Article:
Comments on: America’s soaring deposit base http://blogs.reuters.com/felix-salmon/2009/08/20/americas-soaring-deposit-base/ A slice of lime in the soda Sun, 26 Oct 2014 19:05:02 +0000 hourly 1 http://wordpress.org/?v=4.2.5 By: Don the libertarian Democrat http://blogs.reuters.com/felix-salmon/2009/08/20/americas-soaring-deposit-base/comment-page-1/#comment-5812 Fri, 21 Aug 2009 19:26:50 +0000 http://blogs.reuters.com/felix-salmon/2009/08/20/americas-soaring-deposit-base/#comment-5812 Drewbie,

Thanks.

Don

]]>
By: drewbie http://blogs.reuters.com/felix-salmon/2009/08/20/americas-soaring-deposit-base/comment-page-1/#comment-5788 Fri, 21 Aug 2009 16:22:29 +0000 http://blogs.reuters.com/felix-salmon/2009/08/20/americas-soaring-deposit-base/#comment-5788 Don, to answer your question of how banks store money: Depending on the branch location, it will ship its excess money out daily or weekly to a main branch. The main branches ship extra money to the Fed weekly. There’s no need to build extra storage for the extra money, which probably only accounts for a few cubic feet of actual bills per branch anyway.

I don’t see how increased deposits lead to increased fixed costs of building/staff maintanence. Even if some of these people were opening new accounts, that’s still not much extra work for an individual branch, and certainly wouldn’t require hiring a new teller.

]]>
By: Rick Kane http://blogs.reuters.com/felix-salmon/2009/08/20/americas-soaring-deposit-base/comment-page-1/#comment-5782 Fri, 21 Aug 2009 15:08:55 +0000 http://blogs.reuters.com/felix-salmon/2009/08/20/americas-soaring-deposit-base/#comment-5782 The interest on credit card balances seems to range from a low of 9% to 27%, with the high range dominating. And of course the default on new credit cards balances is rather low given the new, tighter, underwriting standards.

]]>
By: GaryD http://blogs.reuters.com/felix-salmon/2009/08/20/americas-soaring-deposit-base/comment-page-1/#comment-5772 Fri, 21 Aug 2009 04:44:11 +0000 http://blogs.reuters.com/felix-salmon/2009/08/20/americas-soaring-deposit-base/#comment-5772 If a bank lends money at 7% but 12% of loans default, do they still make money? You’re still operating in a 1995 mindset of zero default rates and profits without risk for bankers. It’s a very different world now. Loans can go sour in a few months now.

]]>
By: scott http://blogs.reuters.com/felix-salmon/2009/08/20/americas-soaring-deposit-base/comment-page-1/#comment-5767 Fri, 21 Aug 2009 03:01:08 +0000 http://blogs.reuters.com/felix-salmon/2009/08/20/americas-soaring-deposit-base/#comment-5767 Pretty shocking misunderstanding of Econ101.

]]>
By: Mike http://blogs.reuters.com/felix-salmon/2009/08/20/americas-soaring-deposit-base/comment-page-1/#comment-5764 Fri, 21 Aug 2009 01:54:36 +0000 http://blogs.reuters.com/felix-salmon/2009/08/20/americas-soaring-deposit-base/#comment-5764 The only people who save and then invest are those with taxable investment accounts, a small minority. Most individual investors have 401(k)’s, through which they save and invest (almost) simultaneously. Either they invest in the market through these tax-deferred vehicles (or through a Roth IRA), or they don’t invest at all. Most people view their deposits as rainy day money, or as the “conservative” portion of their portfolio.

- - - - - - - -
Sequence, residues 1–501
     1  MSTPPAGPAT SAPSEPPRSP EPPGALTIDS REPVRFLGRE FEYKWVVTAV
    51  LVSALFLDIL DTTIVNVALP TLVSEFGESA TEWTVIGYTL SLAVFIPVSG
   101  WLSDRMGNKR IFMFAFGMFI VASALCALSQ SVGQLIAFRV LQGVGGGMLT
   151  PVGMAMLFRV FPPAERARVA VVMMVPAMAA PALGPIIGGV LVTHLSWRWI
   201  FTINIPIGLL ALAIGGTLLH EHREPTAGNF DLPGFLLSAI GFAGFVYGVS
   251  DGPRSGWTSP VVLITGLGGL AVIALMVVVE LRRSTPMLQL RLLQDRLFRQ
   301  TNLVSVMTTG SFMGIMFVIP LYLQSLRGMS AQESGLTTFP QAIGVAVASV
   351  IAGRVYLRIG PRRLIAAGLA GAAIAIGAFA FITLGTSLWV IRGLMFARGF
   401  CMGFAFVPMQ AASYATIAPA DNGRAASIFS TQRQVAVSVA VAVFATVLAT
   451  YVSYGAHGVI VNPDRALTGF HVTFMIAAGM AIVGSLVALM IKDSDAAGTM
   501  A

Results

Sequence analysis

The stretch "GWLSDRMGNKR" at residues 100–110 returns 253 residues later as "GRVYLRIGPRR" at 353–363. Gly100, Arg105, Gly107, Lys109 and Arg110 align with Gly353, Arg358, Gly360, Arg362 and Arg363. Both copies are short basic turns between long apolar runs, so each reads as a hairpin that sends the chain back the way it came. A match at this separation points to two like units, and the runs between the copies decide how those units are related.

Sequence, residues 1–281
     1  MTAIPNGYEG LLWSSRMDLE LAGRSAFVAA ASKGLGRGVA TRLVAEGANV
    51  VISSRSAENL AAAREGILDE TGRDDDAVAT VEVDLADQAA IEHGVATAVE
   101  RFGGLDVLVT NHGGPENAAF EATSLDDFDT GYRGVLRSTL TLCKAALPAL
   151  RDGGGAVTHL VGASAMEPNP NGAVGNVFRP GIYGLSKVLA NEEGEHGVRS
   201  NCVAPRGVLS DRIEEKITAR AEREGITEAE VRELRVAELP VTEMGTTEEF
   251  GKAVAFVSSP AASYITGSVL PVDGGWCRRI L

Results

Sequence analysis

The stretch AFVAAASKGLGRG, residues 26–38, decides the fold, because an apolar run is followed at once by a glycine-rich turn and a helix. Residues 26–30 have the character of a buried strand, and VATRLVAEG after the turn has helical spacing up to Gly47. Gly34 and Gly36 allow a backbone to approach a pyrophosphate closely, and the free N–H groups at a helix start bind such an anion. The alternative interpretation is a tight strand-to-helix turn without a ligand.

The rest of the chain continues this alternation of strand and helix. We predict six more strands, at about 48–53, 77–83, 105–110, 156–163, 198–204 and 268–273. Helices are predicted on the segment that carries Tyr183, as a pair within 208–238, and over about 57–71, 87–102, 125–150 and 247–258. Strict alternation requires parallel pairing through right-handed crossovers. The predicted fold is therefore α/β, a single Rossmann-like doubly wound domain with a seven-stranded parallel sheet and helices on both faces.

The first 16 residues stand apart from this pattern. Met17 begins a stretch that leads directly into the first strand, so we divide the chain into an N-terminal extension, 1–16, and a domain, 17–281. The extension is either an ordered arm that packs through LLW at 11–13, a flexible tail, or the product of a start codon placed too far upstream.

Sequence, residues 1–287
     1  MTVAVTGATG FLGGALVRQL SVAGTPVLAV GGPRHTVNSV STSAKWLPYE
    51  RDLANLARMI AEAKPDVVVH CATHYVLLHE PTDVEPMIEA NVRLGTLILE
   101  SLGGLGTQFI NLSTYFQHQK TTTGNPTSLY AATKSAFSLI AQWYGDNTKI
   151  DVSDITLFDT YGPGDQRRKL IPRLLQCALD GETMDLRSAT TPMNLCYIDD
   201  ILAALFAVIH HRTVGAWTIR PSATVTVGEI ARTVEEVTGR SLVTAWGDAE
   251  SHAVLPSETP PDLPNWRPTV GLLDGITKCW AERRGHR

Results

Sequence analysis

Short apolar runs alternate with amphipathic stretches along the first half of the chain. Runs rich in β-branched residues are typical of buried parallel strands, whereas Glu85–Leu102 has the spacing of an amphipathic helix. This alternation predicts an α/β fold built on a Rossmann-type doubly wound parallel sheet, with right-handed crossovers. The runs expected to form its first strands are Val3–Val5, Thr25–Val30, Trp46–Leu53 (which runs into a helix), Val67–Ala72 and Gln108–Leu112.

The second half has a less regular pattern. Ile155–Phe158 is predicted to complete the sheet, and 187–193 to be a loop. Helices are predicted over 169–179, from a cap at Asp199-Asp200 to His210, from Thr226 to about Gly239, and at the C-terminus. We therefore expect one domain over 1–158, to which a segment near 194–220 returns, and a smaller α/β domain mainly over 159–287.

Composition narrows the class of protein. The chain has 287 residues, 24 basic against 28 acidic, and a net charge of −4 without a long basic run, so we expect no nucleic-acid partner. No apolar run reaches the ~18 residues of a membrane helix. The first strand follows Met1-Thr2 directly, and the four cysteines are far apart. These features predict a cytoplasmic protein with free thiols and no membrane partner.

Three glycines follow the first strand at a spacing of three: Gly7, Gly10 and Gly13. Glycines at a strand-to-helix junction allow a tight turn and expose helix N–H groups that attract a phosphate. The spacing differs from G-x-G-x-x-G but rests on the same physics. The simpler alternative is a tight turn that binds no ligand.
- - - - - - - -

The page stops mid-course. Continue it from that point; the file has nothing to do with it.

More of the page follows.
]]>
By: Don the libertarian Democrat http://blogs.reuters.com/felix-salmon/2009/08/20/americas-soaring-deposit-base/comment-page-1/#comment-5750 Thu, 20 Aug 2009 20:30:50 +0000 http://blogs.reuters.com/felix-salmon/2009/08/20/americas-soaring-deposit-base/#comment-5750 On the one hand, if the costs are fixed, then you should definitely make more money by doing more business.

On the other hand, if these deposits are physical money, such as coins, gold, and bills, then you will need a bigger space and more workers to store it and move it around I suppose. Of course, when you have less deposits, you’ll have a lot of extra space. Maybe you could rent it out then. Is this how banks store money? I’ve no idea.

Maybe I’m just misunderstanding the point, and it depends upon how one understands the use of “big” and “hefty”.

]]>
By: Gari N. Corp http://blogs.reuters.com/felix-salmon/2009/08/20/americas-soaring-deposit-base/comment-page-1/#comment-5749 Thu, 20 Aug 2009 20:25:57 +0000 http://blogs.reuters.com/felix-salmon/2009/08/20/americas-soaring-deposit-base/#comment-5749 I suspect that it would be fairly easy for the banking sector to squander $500 billion. For one they could start buying each other again.

]]>
By: Unsympathetic http://blogs.reuters.com/felix-salmon/2009/08/20/americas-soaring-deposit-base/comment-page-1/#comment-5744 Thu, 20 Aug 2009 19:57:52 +0000 http://blogs.reuters.com/felix-salmon/2009/08/20/americas-soaring-deposit-base/#comment-5744 Felix, even if people are saving more, banks are NOT lending that money out. Hence the well-documented rise in bank reserves.

You should re-institute the Ben Stein watch, Felix.. but with a new label: Wall Street Journal watch.

You’d have a lot of work to do, and you could team up with Dean who runs herd on the Washington Post.

]]>
By: KenG http://blogs.reuters.com/felix-salmon/2009/08/20/americas-soaring-deposit-base/comment-page-1/#comment-5741 Thu, 20 Aug 2009 19:48:36 +0000 http://blogs.reuters.com/felix-salmon/2009/08/20/americas-soaring-deposit-base/#comment-5741 So the big banks have to lease or buy more buildings, hire more staff, and buy more computers, just people are saving more? Unless more accounts are being opened, as opposed to people putting more money in their existing accounts, the WSJ analysis doesn’t make any sense. Not that they normally do.

The next thing he’s going to say is that lowering tax rates will increase tax revenues.

]]>